As the most intelligent and technologically advanced species on Earth, we humans like to think that we own the place. But evolutionary success can be measured any number of ways. As evolutionary biologist Stephen G. Gould once noted, complexity, intelligence, and ferocity don't count for much in the long run — adaptability and reproductive success matter more. With that in mind, here are the eight most prolific and versatile organisms that rule our planet.
Photo by Alex Wild.
There's no question that bacteria is the killer app of nature. In fact, a number of biologists have suggested that we actually live in the Age of Bacteria. And indeed, bacteria can be found virtually everywhere, including soil, acidic hot springs, radioactive waste, water, and deep within the Earth's crust. A large prokaryotic microorganism, bacteria is best understood as a domain of organisms rather than a distinct species, so it's worth breaking them down into smaller groups. Take, E. coli for example. Over the course of life, there will be more E. coli living in the gut of each human being than the total number of people who have ever lived. And according to Lynn Margulis, "Fully 10 percent of our own dry body weight consists of bacteria, some of which, although they are not a congenital part of our bodies, we can't live without." Another particularly prolific type of bacteria is cyanobacteria, also known as blue-green algae. It's been known to dwell in a diverse range of habitats and take on extremophile characteristics. But no classification of bacteria compares to the SAR11 clade, a bacteria that that lives on the surface of oceans. Its population has been estimated at an unfathomable 2.4 x 1028 individuals, making it the most successful organism on the planet.
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Phytoplankton are microscopic organisms that blanket the surface of most oceans and bodies of fresh water. A subset of the larger plankton community, they cannot be seen with the unaided eye, but because they exist in such large numbers they can actually discolor large expanses of water. These tiny autotrophic critters account for half of all photosynthetic activity on Earth — which, when considering how many plants exist on the planet, is nothing short of astounding. As a result, they are integral to the planet's oxygen supply. They also drive the 'biological pump' that converts 100 million tonnes of atmospheric carbon dioxide a day into organic material. Phytoplankton also serve as the base for the aquatic food web, offering themselves a readily available meal for baleen whales. In terms of numbers, there are over 5,000 known species — but because new ones keep getting discovered, it's difficult to put an exact number on them. And disturbingly, their numbers are decreasing at a rate of 10% a year, likely on account of climate change.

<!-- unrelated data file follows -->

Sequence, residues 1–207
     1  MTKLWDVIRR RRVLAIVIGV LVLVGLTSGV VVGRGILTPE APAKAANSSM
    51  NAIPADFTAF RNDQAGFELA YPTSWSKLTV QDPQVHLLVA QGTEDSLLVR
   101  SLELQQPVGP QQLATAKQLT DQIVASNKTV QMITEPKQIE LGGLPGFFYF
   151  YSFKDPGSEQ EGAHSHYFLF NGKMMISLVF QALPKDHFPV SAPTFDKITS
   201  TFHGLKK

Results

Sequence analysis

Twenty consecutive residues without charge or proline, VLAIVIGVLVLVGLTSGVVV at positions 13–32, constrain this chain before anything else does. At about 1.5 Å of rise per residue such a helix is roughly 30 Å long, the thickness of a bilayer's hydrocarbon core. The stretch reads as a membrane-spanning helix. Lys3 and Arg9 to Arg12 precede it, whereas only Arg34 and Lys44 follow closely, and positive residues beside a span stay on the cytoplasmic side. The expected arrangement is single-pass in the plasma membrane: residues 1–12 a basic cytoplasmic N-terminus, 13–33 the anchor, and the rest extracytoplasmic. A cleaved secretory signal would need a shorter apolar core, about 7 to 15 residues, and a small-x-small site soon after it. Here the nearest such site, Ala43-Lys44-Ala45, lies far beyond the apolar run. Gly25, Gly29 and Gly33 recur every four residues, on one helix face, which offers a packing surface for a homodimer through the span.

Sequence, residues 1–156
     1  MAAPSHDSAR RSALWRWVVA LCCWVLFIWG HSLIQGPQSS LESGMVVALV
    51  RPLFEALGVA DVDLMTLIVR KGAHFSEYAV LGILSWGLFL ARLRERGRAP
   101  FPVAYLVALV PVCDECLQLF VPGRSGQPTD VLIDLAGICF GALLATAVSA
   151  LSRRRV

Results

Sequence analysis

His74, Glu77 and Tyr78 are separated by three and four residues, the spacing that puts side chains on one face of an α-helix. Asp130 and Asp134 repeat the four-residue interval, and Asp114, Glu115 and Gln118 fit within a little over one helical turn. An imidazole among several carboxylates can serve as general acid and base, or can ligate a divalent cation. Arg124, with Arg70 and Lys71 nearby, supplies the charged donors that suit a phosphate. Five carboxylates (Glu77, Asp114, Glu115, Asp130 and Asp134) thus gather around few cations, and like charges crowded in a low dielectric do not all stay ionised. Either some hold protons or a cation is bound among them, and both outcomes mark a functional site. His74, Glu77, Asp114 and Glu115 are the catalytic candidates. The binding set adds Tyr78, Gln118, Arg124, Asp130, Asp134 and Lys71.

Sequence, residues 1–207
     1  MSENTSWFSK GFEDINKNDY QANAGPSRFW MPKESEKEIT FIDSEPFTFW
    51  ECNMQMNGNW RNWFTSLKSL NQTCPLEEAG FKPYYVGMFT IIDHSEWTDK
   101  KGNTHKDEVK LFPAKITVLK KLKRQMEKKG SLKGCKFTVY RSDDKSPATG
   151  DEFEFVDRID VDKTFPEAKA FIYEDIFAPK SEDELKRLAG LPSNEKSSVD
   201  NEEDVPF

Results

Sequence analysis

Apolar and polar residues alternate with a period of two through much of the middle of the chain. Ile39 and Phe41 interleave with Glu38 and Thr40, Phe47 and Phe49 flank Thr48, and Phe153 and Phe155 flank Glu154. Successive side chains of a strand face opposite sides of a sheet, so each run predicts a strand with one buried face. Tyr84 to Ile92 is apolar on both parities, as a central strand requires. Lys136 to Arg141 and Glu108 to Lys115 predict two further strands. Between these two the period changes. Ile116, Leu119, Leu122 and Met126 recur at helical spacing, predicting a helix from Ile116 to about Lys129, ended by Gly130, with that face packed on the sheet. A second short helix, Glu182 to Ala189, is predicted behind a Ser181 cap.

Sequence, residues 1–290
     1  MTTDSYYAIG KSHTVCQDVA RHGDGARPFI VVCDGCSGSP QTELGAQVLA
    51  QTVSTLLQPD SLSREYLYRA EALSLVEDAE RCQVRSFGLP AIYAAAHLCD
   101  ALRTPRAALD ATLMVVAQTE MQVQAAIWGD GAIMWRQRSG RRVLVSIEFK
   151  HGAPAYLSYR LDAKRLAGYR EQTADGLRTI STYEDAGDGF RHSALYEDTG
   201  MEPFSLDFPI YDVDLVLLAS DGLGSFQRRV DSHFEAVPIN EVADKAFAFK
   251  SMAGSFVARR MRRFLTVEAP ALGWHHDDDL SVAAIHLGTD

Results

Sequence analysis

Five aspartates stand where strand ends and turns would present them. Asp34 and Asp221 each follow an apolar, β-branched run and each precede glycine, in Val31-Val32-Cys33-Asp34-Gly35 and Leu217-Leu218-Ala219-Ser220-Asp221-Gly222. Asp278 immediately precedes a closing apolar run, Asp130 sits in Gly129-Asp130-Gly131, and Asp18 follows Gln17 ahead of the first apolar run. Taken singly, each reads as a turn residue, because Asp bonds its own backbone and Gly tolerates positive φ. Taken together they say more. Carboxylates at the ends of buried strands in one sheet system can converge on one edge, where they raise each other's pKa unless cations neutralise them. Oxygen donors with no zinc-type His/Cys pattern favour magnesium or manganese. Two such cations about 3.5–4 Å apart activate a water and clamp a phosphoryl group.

Emerging from wasp-like ancestors over 130 million years ago, ants have become the most successful terrestrial macro-scale species this planet has ever seen. Often considered a superorganism on account of their hive-mind composition, their evolutionary success has been attributed to their highly coordinated social organization, an ability to modify habitats, exploit resources, and defend themselves. Nearly 12,500 species have been identified, but it's thought that as many as 22,000 species may actually exist. Ants have also colonized virtually every landmass on Earth, and may comprise anywhere from 15 to 25% of the total terrestrial animal biomass. Put another way, there are more ants on this planet by weight than all humans combined. In terms of numbers, E. O. Wilson has estimated that there are 10,000 trillion individual ants alive at any given moment.